The humanized IgG1 anti-integrin antibody vedolizumab binds to alpha4beta7-expressing lymphocytes and thus inhibits trafficking to the intestine by inhibiting their interaction with MAdCAM1 expressed on endothelial cells (Fig. 1: 2). The primary outcome for induction therapy, clinical response at week 6, was reached by 47.1% receiving vedolizumab and 25.5% receiving placebo. At week 52, patients who were randomly assigned to continue receiving vedolizumab were more likely to have clinical remission than those who were randomly assigned to switch to placebo (41.8 and 44.8% of patients receiving vedolizumab every 8 or every 4 weeks, respectively, vs. 15.9% [p < 0.001]) [15]. Vedolizumab has a favorable safety profile with low incidence rates of serious infections over an extended treatment period [16].

Anti-IL12/23 Antibody: Ustekinumab

Ustekinumab is an IgG1 antibody that binds to the p40 subunit common to IL-12 and IL-23 and prevents their interaction with the IL-12 receptor β1 subunit of the IL-12 and IL-23 receptor complexes (Fig. 1: 3). These cytokines modulate lymphocyte function, including T-helper (Th) 1 and Th17 cell subsets [17]. At week 8, 56.5% patients receiving ustekinumab achieved a clinical response, compared to 31.3% with placebo (p < 0.001). The percentage of patients who had clinical remission at week 44 was significantly higher among patients assigned to 90 mg of subcutaneous ustekinumab every 12 weeks (38.4%) or every 8 weeks (43.8%) than among those assigned to placebo (24.0%; p = 0.002 and p < 0.001, respectively). The incidence of serious adverse events with ustekinumab was similar to that with placebo [18].

JAK Inhibitors: Tofacitinib, Filgotinib, Upadacitinib

Cytokines bind to corresponding receptors expressed on cell surfaces, triggering activation and initiation of intracellular signaling pathways. JAKs are a family of receptor-associated tyrosine kinases that have an essential role in cytokine signal transduction pathways. There are four members of the JAK family (JAK1, JAK2, JAK3, and TYK2). The JAK-signal transducers and activators of transcription (STAT) pathway often lead to the gene expression of many inflammatory pathways and are therefore an attractive target for the treatment of ulcerative colitis, as many cytokines implicated in disease pathogenesis use this pathway (Fig. 1: 4) [19]. Tofacitinib, an oral non-selective JAK inhibitor, was the first representative of the class of JAK inhibitors that has been approved for treatment of ulcerative colitis patients. In the OCTAVE Induction 1 and 2 trials, where patients received tofacitinib 10 mg BID, 18.5% versus 8.2% (p = 0.007) of patients and 16.6% versus 3.6% (p < 0.001) achieved clinical remission at 8 weeks in the tofacitinib compared to the placebo groups, respectively. In the OCTAVE Sustain trial, remission at 52 weeks occurred in 34.3% and in 40.6% of the patients in the 5 mg and 10 mg tofacitinib group, respectively, compared with 11.1% in the placebo group (p < 0.001) [20]. The once-daily, selective JAK-1 inhibitor filgotinib demonstrated at week 10, that a greater proportion of patients given filgotinib 200 mg had clinical remission than those given placebo (induction study A: 26.1 vs. 15.3%; p = 0.0157; induction study B: 11.5 vs. 4.2%; p = 0.0103). At week 58, 37.2% of patients given filgotinib 200 mg had clinical remission versus 11.2% in the respective placebo group (p < 0.0001) [21]. Statistically significantly more patients achieved clinical remission with the once-daily, selective JAK-1 inhibitor upadacitinib 45 mg (26% in UC1 and 34% in UC2) than in the placebo group (5% in UC1 and 4% in UC2, respectively, p < 0 0001). In the maintenance study, clinical remission was achieved by statistically significantly more patients receiving upadacitinib (15 mg: 42%, 30 mg: 52%) than those receiving placebo (12%; p < 0.0001) [22]. In a recent randomized trial, called Oral Surveillance, rheumatoid arthritis patients aged >50 years with at least an additional cardiovascular risk factor at baseline, treated with tofacitinib experienced a higher proportion of major adverse cardiovascular events and cancer compared with the anti-TNF antibody (adalimumab or etanercept)-treated control group [23]. However, extrapolating these findings to ulcerative colitis patients may not be appropriate, as prevalence of risk factors is different across different indications and higher incidence of the described outcomes could yet not be seen in the ulcerative colitis patient population [24]. Selection of these agents, as with any other ones, should therefore always be based on patient profile and individual benefit-risk profile based on the risk factors.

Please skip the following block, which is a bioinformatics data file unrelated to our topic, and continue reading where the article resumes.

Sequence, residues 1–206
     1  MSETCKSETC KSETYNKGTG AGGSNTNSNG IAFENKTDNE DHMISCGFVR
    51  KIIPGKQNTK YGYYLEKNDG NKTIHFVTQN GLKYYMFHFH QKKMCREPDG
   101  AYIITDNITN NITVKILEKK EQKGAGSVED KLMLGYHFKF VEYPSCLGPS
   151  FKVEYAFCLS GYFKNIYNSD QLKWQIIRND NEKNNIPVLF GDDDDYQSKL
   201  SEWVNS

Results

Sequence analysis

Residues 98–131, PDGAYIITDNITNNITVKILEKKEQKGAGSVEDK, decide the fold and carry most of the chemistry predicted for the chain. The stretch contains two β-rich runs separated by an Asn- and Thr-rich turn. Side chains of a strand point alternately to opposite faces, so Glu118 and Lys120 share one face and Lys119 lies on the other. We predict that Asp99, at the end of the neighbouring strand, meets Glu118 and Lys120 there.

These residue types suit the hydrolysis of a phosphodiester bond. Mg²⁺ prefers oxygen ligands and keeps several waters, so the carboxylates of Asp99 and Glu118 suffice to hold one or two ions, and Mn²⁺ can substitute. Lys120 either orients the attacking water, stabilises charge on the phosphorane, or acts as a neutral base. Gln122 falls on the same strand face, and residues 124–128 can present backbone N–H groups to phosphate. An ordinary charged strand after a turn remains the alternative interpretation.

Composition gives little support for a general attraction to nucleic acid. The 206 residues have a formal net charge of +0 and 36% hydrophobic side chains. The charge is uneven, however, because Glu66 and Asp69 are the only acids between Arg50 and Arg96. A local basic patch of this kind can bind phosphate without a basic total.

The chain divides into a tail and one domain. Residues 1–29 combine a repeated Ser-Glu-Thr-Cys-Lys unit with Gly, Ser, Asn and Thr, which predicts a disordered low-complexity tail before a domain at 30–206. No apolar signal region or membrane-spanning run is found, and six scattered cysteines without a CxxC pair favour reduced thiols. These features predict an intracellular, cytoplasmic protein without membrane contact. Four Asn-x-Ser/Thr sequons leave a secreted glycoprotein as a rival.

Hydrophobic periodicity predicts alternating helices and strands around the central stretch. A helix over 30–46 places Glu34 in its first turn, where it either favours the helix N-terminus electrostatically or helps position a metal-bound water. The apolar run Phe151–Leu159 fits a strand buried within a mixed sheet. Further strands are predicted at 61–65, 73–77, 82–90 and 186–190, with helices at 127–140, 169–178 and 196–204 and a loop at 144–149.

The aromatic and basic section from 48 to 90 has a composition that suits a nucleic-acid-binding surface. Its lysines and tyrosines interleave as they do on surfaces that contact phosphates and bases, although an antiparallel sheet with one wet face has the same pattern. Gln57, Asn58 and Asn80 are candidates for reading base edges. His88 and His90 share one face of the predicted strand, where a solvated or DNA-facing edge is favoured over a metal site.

S1P Receptor Modulator: Ozanimod

S1P is a bioactive lipid mediator that controls several cellular processes by binding with varying affinities to five S1P receptors (S1PR) expressed on various immune cells. There is a S1P gradient that is based on relatively low concentrations of S1P in lymphoid organs and a higher one in the lymph, which leads to the egress of lymphocytes from lymphoid tissue into the systemic circulation towards the inflamed intestinal tissue due to interaction between S1P and S1PR. S1PR agonists induce the internalization of the receptor and its subsequent degradation, leading to retention of lymphocytes within the lymph nodes and inhibition of lymphocyte trafficking to sites of inflammation (Fig. 1: 5) [25]. The S1P1 and S1P5 agonist ozanimod has already been approved for the treatment of ulcerative colitis patients. The incidence of clinical remission was significantly higher among patients who received 0.92 mg ozanimod than among those who received placebo during both induction (18.4 vs. 6.0%, p < 0.001) and maintenance (37.0 vs. 18.5%, p < 0.001) studies. The incidence of infection with ozanimod was similar to that with placebo during induction and higher than that with placebo during maintenance [26].